What’s for drinks: homemade limoncello

Fresh and frosty from the freezer —
lemon slush, to paraphrase Prince.

I’ve been working on this one since January. No joke.

Right around the holidays, one of my co-workers and her husband were discussing the homemade limoncello they gave out as gifts and I was intrigued enough to give it a try. Here’s what it involves: Vodka, lemons, sugar and incredible amounts of patience.

First step, a good vodka. I went with 360 Vodka, in large part because the bottle was resealable and reusable — and, with its swing-top cap, exactly what I imagined limoncello should be served from. Then I peeled about a dozen lemons — using a paring knife and zester, depending on the moment, so I could get only the yellow part of the peel, with none of the bitter pith underneath.

Then I combined them in a big glass jar and waited. Every week or so — whenever I thought about it, really — I’d give the jar a swirl to move and mix up the lemon pieces. This went on for months.

However, I sort of cheated: When Tyra Sanchez had a party about two months ago, I thought it would be a good idea to use part of what was, then, essentially lemon-infused vodka as the base of a few pitcher drinks. So I didn’t end up with the full amount of base liquid for the next step, which is …

Simple syrup. Equal parts water and sugar in a pan, heated until the sugar disappears. Then I let the mixture cool, added it to the jar and — you guessed it — let it sit forever again. Or a month, because I was getting sick of looking at it sitting on the kitchen counter, especially after I’d already tapped it for the party and knew how lemony it was already. (Hats off to Adele and Chris for being patient enough to wait almost a year before they decant it into bottles.)

To decant, I ran the liquid through a strainer — once to remove the heavy solids, and a second time with the strainer lined with cheesecloth to filter out the smaller particles that made the end result look a bit cloudy — and poured it into bottles. Because of the addition of simple syrup, a bottle’s worth of vodka makes more than a bottle’s worth of limoncello, so I found another wire-top bottle at Cost Plus World Market (in the section by the olive oil jars, not with the regular glassware) and divvied the reward up accordingly.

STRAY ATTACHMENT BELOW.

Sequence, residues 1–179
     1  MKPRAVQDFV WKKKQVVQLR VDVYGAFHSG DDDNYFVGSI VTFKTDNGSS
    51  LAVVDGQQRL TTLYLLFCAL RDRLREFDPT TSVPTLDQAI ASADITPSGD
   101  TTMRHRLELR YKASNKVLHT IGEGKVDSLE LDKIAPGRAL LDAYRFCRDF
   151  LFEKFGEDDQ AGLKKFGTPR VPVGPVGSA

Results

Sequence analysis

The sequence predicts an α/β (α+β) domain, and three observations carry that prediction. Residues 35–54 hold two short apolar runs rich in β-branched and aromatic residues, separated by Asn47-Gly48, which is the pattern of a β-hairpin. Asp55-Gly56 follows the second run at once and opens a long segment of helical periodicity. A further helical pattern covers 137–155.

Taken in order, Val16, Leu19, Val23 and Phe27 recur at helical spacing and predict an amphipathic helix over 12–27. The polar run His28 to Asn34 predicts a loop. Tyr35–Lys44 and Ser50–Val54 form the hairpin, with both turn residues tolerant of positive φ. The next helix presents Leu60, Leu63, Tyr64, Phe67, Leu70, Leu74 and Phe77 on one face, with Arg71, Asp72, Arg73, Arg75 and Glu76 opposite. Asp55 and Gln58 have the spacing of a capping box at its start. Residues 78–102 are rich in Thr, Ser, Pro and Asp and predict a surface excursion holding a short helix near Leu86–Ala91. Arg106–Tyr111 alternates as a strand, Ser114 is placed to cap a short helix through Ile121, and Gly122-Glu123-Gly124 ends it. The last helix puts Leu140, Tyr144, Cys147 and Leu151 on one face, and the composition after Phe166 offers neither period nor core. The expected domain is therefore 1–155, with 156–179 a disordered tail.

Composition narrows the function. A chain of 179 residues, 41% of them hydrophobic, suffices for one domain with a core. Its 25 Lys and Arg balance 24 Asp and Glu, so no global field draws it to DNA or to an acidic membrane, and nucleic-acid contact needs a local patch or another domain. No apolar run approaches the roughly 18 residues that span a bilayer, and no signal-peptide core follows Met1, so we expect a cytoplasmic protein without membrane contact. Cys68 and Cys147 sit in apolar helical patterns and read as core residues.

As you might be able to tell in the photo above, my mixture ended up freezing to a slushy consistency, which probably means that I messed up on the vodka/syrup ratio. You’re supposed to be able to store the bottles in the freezer, like vodka, so the limoncello is served delightfully chilled. Mine, however, will require a time-out for de-slushing into a pourable liquid. (The beverage equivalent of a waiting period to buy a handgun, I guess.)

I have just poured out a splash into a glass to sample, and I’m actually in love with the end result: juicy-sweet, crisp with a kick and refreshing — especially on a hot Friday afternoon when I’ve been working on household chores.

I might start my second batch right away — the big jar has already been washed and dried, and Total Wine is just a quick trip away. Maybe this time I’ll make lime-cello … or tangerine-cello, if I can find tangerines. Between this and the prickly pear margaritas I’ll be concocting with the syrup I made earlier this week, it’s going to be a whopper of a weekend. I hope you enjoy yours just as much!

WHAT SAM WORE: 7-15-11
The shirt: Cotton jersey polo, from the Gap outlet store at Anthem.
The shorts: Camouflage shorts by Mossimo, from Target.
(I swear I’ll change pants soon.)
The shoes: “Whirlwind” sneakers by Puma, from the Puma store in New York.
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3 responses to “What’s for drinks: homemade limoncello

  1. I am not a drinker, but in Italy I had to try the Limoncello and wine. The Limoncello I couldn’t get into because although I love Lemonheads, which is what it started out tasting like, I don’t like the taste of Nyquil, which is how it ended.

  2. Nyquil? That’s kind of scary sounding. Mine starts off tasting like “I can’t have too much of this, it’s strong” but after the second sip, it’s all lemony goodness. Not as tart as Lemonheads, that’s for sure!

  3. the ones i used to get in italy always had a lemon inside the bottle….if only i had a lemon tree to hang bottles from.

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